4 out of 4 stars
Share This Review
I am sure we have often wondered how our brain functions if we are anything like me. Well, let us wonder no longer with How My Brain Works: A Guide to Understanding It Better and Keeping It Healthy by Clinical Neuropsychologist Dr. Barbara Koltuska-Haskin. A relatively complex last name to pronounce, but not a challenging well-read. Furthermore, How My Brain Works introduces a practical approach to understanding how the brain works effectively and what to do to improve and maintain our brain health. In far less than 200 pages, Dr. Barbara Koltuska-Haskin explains precisely how neuropsychological evaluation can help us understand the scope of our brains to reach our full potential. Help us heal, or if we are someone we love are recovering from brain trauma or other brain-related problems or diseases. Each short component is unquestionably chock full of in-depth knowledge concerning neuropsychology.
Dr. Koltuska-Haskin openly provides unbelievable information in a two-part segment of the book about the making of our brains. Part I: Evaluating the Brain discusses seventeen essential components—what neuropsychology actually is and what a comprehensive neuropsychological evaluation can accomplish. Part II: Brain Heath details the importance of taking good care of our health with fourteen vital components to retain a robust, healthy brain. Including practical, personal, and positive advice on preserving and enhancing brain function. Also, per the Forward, this specific book is believed to be primarily helpful for patients, their families, and members of the medical community who treat them. Likewise, Dr. Koltuska-Haskin gives many thanks to Oprah Winfrey for her brilliant and thought-provoking Super Soul Sunday series and helped her see many aspects of humanity from totally different perspectives.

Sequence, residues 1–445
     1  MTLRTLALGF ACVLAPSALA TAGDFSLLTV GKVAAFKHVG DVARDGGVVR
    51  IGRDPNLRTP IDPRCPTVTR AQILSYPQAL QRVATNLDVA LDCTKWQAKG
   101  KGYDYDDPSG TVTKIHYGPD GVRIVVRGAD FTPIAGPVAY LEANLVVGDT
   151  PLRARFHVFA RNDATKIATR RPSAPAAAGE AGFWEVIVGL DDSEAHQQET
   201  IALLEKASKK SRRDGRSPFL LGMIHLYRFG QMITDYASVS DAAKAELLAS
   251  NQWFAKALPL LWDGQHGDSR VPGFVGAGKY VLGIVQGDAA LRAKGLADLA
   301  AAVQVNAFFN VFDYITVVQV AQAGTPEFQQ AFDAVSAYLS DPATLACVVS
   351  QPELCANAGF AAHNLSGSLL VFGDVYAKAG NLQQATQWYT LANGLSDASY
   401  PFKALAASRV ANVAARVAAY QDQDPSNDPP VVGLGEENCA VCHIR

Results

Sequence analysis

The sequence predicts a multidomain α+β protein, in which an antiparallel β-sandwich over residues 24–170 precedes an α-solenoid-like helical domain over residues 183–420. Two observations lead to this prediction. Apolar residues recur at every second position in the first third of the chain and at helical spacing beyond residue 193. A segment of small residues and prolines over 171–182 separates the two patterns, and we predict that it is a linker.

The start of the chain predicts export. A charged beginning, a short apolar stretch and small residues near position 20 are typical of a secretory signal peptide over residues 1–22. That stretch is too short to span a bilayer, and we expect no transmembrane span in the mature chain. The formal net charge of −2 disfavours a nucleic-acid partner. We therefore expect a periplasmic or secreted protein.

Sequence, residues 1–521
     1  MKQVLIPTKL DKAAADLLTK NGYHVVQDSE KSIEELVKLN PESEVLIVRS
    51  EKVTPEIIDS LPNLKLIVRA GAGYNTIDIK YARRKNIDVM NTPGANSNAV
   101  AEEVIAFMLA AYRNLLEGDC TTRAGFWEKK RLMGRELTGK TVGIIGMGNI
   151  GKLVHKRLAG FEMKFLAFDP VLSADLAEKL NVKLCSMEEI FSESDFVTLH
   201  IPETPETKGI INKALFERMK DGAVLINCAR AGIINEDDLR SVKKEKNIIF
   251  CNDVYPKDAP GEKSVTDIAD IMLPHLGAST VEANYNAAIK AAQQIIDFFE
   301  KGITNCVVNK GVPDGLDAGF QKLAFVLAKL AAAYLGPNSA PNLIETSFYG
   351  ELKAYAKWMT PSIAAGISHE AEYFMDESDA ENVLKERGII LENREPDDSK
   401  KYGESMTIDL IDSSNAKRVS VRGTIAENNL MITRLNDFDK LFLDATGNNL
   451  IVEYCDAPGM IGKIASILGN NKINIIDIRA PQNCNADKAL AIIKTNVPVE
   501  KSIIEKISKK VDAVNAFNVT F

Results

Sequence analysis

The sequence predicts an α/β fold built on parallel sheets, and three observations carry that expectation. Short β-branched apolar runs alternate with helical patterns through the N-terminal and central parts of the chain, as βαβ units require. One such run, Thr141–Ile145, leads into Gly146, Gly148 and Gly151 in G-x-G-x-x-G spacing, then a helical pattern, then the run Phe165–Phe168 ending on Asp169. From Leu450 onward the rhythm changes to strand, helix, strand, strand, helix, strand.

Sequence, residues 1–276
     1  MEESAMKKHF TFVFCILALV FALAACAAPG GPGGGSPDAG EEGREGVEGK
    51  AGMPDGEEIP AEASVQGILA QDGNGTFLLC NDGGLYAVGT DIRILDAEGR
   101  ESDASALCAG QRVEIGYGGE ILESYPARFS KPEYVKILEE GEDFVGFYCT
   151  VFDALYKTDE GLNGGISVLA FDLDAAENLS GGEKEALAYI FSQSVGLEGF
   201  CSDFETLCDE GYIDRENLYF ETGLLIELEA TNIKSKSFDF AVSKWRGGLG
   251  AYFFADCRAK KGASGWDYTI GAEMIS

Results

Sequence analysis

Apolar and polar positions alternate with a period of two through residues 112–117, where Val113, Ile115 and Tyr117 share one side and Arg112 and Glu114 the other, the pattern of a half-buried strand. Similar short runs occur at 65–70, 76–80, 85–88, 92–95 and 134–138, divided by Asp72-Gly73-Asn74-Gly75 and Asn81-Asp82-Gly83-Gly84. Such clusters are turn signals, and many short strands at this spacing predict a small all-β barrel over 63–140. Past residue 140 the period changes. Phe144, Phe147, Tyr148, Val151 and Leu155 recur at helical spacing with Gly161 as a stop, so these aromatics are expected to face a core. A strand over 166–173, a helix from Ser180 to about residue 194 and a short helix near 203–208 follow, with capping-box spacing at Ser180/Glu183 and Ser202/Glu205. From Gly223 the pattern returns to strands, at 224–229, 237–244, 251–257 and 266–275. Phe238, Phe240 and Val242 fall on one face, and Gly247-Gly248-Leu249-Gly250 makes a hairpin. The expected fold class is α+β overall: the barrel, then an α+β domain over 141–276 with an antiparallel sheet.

As a returning undergraduate who has studied general psychology, one of the first components in Part I that resonates with me is How Neuropsychological Evaluation Can Help If You Are a College Student. In many cases, administering a neuropsychological evaluation for college and high school students can help identify specific cognitive and emotional problems and provide detailed recommendations. How to Deal With a Loved One Who Has "Brain Problems" instantly piqued my interest connecting to my belated beloved mother, who suffered from dementia and passed from a brain tumor. Despite multiple difficulties, I indisputably refused to get discouraged and give up on keeping our communication going. There are no questions when it comes to Menopause and Memory. As an aging adult, memory and other cognitive problems experienced by women like me during menopause are honest and appear to be more acute in the first year after the final menstrual period.
Additionally, like most, we have often heard of The Importance of a Good Night's Sleep. In Part II, receiving a good night's sleep is undoubtedly a pivotal ingredient to properly promote good brain health. A good night's sleep is crucial not only for our physical health and ability to function but mainly for our brain's health as a preventive factor against Alzheimer's dementia. Practice Gratitude for Mental Uplifting when feeling down or overstressed is best to shift the mental state and start thinking about all the blessings in our lives, all the things working for our good. While one may not be a faithful believer in God, I chose to thank Him in every circumstance and situation! Nonetheless, I sincerely like how this book is so relatable to my personal experiences with a big takeaway: a memory complaint does not indicate I have a memory problem.
Thus far, there is not much I do not like about the book, and I rate How My Brain Works: A Guide to Understanding It Better and Keeping It Healthy 4 out of 4 stars. For that reason, I further reflected upon my later-born son's life span. Before his first birthday, my son's "frontal lobe," aka "soft spot," prematurely closed and soon prepared for reconstructive skull surgery. I, therefore, wanted to enlighten myself regarding the brain and skull; what I learned fascinated me. At the same time, as a parent who supervisors my son's other current detection, ADHD, there is certainly no judgment and criticism for his mistakes but praise for all his accomplishments.
Moreover, because I wholeheartedly agree with much of Dr. Barbara Koltuska-Haskin's knowledge, this short and easy-to-read self-care guide is worth the investment. The testimonies that open the book are, too, on point. In the words of Jon Kabat-Zinn, "as long as you are breathing, there is more right with you than wrong with you," and I absolutely agree. And if you are a firm believer in neuropsychology who wishes to understand the meaning of comprehensive neuropsychological evaluation, this book is ideal for you. But if neuropsychology is not your cup of tea, you, the reader, might find everything wrong with the writings of this book. I won't disagree. However, may we feel good relaying to the things we learn about how our brains work inspired by Dr. Barbara Koltuska-Haskin.
How My Brain Works
View: on Bookshelves | on Amazon